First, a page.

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Am J Kidney Dis. 1997 Nov;30(5 Suppl 4):S57-65.

Relevance of platelet-activating factor in inflammation and sepsis: mechanisms and kinetics of removal in extracorporeal treatments.

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Clinical and Laboratory Research Department, Bellco, Mirandola (Modena), Italy.


Sepsis can be considered a systemic inflammatory response syndrome (SIRS) caused by infection. When an excessive and/or persistent activation of humoral and cellular mechanisms of host defense is present, an exaggerated and generalized activation of inflammatory mechanisms can lead to a multiple organ dysfunction syndrome. Mediators thought to be involved in this syndrome include the major plasma cascade systems (complement, coagulation, and fibrinolytic systems) and soluble cell-derived mediators (cytokines, reactive oxygen species, platelet-activating factor (PAF), arachidonic acid metabolites, and nitric oxide and related compounds). Several findings indicate that among these mediators, PAF may exert an important role in the pathophysiology of septic shock. Evidence is accumulating that in human sepsis this scenario is far more complicated and that removal of inflammatory mediator excess from plasma, rather than blockade of their potentially beneficial local production, might provide a rationale for the use of continuous renal replacement therapy (CRRT). There is an emerging view that CRRT should be considered in the light of broader concept (ie, the use of blood purification for the treatment of sepsis). Recent studies, performed in an experimental model of continuous arteriovenous hemofiltration with exogenous PAF, demonstrated that polysulfone membranes can adsorb substantial amounts of biologically active PAF. These studies also showed that the removal of this mediator occurs by a two-step process involving early adsorption followed by ultrafiltration. Although the removal of cytokines, such as tumor necrosis factor-alpha (TNF-alpha), remains controversial, mainly because of differences in membrane used, operational conditions, and inter- and intra-assay variability, the crucial point is that no evidence has yet been given to show real benefit from CRRT in significantly reducing the plasma concentration of cytokines. The net advantage of CRRT, however, may not only be the removal of cytokines per se, but also the simultaneous elimination of cytokine-inducing substances. Experimental and human studies will be discussed as to whether extracorporeal treatments may remove an excess of circulating cytokines, either by increasing the turnover rate (the so-called high-volume hemofiltration), or by using sorbent systems to regenerate plasma filtrate.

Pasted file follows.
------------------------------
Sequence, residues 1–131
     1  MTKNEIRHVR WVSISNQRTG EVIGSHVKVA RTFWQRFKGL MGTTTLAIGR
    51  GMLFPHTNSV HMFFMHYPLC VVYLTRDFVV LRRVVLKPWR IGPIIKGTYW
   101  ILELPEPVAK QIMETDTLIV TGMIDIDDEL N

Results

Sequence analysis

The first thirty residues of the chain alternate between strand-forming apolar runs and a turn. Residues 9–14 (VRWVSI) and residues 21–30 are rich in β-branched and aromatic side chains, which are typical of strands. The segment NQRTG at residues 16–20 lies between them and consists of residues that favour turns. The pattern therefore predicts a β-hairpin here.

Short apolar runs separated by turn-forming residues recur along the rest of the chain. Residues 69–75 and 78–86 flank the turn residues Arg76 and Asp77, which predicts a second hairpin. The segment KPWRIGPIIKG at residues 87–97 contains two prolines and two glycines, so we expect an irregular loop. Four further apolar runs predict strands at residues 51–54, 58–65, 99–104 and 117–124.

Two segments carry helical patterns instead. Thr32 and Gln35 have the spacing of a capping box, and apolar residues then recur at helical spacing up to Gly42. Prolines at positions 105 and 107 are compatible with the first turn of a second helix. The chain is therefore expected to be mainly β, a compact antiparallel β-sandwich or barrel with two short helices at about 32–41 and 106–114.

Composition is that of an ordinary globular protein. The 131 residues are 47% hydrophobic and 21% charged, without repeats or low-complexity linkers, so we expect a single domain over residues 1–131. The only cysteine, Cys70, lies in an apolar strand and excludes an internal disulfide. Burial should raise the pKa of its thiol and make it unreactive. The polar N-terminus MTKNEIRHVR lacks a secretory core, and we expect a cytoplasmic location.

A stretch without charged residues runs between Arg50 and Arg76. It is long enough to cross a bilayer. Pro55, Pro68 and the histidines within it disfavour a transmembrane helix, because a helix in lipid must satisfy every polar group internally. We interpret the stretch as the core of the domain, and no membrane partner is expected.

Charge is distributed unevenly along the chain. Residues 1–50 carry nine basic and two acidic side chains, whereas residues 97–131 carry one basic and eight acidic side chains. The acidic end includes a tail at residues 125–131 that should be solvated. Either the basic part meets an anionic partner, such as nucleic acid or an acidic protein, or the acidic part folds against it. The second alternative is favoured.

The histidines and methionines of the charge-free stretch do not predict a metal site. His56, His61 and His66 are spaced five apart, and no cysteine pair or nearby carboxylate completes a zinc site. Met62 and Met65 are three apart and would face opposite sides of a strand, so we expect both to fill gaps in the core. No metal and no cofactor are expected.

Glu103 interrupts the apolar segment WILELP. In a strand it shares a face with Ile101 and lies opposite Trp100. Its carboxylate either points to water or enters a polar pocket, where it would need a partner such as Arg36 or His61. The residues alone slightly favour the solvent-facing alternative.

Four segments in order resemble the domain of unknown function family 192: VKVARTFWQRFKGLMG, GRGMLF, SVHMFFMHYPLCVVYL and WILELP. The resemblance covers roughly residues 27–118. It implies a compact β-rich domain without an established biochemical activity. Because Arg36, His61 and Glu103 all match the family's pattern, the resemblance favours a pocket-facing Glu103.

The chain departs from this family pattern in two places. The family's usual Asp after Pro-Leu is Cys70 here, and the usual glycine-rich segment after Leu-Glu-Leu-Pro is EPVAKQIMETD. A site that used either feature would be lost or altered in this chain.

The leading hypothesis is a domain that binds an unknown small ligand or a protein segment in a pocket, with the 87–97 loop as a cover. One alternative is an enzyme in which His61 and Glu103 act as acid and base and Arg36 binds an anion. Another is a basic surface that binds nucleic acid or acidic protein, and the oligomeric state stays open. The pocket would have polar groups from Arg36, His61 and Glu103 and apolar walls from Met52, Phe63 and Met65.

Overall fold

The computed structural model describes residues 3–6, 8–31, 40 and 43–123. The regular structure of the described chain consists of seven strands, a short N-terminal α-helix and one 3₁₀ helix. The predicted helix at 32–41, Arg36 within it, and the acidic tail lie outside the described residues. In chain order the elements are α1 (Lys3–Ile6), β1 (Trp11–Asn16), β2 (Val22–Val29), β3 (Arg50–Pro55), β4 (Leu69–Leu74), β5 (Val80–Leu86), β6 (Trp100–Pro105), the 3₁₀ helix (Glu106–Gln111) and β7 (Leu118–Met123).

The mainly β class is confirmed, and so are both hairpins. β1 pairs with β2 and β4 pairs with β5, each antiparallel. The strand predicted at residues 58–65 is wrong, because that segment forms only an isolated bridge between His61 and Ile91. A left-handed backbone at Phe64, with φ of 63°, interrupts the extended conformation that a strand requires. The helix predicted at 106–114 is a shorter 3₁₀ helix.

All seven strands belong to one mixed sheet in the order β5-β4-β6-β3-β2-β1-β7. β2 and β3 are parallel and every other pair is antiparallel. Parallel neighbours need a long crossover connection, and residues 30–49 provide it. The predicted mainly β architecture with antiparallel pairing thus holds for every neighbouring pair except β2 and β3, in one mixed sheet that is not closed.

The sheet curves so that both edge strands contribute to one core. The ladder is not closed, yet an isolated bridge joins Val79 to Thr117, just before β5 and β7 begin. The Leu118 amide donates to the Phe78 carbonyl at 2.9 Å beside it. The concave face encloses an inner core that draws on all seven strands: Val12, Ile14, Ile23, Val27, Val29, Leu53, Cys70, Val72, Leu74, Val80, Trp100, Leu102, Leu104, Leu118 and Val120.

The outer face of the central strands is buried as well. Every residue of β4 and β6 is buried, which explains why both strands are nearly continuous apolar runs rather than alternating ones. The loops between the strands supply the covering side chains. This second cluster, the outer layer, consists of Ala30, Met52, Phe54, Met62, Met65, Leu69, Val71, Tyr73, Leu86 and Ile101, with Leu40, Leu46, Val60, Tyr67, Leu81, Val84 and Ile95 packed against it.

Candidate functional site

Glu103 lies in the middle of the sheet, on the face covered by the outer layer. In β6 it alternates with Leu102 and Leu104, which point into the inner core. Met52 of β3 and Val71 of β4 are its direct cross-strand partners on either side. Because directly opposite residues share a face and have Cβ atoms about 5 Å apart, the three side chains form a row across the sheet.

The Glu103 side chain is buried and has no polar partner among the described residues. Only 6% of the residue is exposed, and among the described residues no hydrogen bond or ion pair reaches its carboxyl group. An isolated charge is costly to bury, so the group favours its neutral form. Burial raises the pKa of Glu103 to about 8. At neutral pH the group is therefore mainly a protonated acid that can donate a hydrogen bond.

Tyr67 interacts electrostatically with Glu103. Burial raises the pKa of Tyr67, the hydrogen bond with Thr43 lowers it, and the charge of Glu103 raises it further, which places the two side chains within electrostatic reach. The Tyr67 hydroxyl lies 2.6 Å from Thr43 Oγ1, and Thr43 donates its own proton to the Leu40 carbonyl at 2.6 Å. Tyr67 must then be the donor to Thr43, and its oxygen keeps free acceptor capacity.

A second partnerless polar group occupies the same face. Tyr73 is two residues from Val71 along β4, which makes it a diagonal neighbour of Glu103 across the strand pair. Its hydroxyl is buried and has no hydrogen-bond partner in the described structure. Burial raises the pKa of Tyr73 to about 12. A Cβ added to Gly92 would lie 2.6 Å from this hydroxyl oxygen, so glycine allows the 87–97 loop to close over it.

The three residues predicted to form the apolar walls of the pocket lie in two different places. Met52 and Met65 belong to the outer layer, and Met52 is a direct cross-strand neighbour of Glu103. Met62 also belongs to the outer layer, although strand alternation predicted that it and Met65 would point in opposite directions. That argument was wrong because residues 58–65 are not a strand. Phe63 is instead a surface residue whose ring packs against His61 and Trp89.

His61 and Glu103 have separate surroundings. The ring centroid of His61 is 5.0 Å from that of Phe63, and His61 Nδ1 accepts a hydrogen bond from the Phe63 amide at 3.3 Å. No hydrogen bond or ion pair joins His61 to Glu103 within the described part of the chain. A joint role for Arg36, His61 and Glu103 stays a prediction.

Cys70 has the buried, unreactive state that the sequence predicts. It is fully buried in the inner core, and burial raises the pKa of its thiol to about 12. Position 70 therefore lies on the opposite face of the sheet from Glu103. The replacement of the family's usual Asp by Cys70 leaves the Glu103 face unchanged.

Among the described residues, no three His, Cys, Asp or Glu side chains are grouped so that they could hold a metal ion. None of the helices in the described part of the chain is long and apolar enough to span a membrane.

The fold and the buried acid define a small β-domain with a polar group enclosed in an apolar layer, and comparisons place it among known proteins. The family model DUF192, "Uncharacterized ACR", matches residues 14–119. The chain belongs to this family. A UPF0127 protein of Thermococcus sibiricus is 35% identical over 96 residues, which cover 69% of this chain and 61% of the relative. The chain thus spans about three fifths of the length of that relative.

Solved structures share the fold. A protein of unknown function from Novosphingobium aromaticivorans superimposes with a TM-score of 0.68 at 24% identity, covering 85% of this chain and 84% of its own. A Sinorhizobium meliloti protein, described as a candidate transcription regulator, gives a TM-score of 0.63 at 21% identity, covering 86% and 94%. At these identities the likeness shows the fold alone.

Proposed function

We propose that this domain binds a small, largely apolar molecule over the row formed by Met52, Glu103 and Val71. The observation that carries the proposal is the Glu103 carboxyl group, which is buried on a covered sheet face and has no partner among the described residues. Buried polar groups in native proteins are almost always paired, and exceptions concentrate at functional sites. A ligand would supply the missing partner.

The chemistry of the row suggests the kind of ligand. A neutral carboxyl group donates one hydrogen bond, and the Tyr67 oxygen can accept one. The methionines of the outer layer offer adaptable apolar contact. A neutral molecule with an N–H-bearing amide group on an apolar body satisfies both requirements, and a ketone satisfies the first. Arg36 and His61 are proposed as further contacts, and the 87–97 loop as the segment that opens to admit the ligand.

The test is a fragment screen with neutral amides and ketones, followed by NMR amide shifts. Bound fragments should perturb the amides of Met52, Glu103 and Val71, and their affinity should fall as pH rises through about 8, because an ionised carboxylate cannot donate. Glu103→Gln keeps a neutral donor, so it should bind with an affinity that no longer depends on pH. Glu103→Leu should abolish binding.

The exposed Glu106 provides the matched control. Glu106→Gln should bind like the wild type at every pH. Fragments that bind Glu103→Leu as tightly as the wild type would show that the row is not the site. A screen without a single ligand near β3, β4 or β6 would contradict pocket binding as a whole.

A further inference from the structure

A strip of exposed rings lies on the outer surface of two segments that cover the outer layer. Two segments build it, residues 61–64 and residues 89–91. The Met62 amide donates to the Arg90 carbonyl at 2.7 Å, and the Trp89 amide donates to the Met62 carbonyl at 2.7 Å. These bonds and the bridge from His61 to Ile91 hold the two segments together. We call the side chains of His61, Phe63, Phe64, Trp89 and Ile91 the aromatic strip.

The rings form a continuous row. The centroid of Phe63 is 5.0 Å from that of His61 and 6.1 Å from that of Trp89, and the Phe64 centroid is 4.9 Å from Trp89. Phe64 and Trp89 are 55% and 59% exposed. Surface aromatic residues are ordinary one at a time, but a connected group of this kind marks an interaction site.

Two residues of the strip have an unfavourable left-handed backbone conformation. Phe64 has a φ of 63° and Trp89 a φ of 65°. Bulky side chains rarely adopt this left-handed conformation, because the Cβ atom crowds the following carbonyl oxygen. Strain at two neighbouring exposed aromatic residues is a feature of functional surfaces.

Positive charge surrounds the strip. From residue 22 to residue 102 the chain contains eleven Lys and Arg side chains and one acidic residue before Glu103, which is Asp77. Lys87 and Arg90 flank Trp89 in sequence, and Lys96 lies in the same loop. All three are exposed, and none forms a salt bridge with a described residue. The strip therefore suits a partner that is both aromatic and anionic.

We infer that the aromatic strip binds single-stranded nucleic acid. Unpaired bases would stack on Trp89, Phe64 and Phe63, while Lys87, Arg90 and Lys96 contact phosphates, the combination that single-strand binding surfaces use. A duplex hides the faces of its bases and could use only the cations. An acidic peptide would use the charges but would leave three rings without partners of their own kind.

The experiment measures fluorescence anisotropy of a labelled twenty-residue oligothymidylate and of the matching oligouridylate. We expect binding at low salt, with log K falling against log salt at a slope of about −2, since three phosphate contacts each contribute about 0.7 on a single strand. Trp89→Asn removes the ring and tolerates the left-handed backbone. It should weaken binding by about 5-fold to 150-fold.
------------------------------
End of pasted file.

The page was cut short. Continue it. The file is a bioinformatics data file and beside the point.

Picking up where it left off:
[Indexed for MEDLINE]

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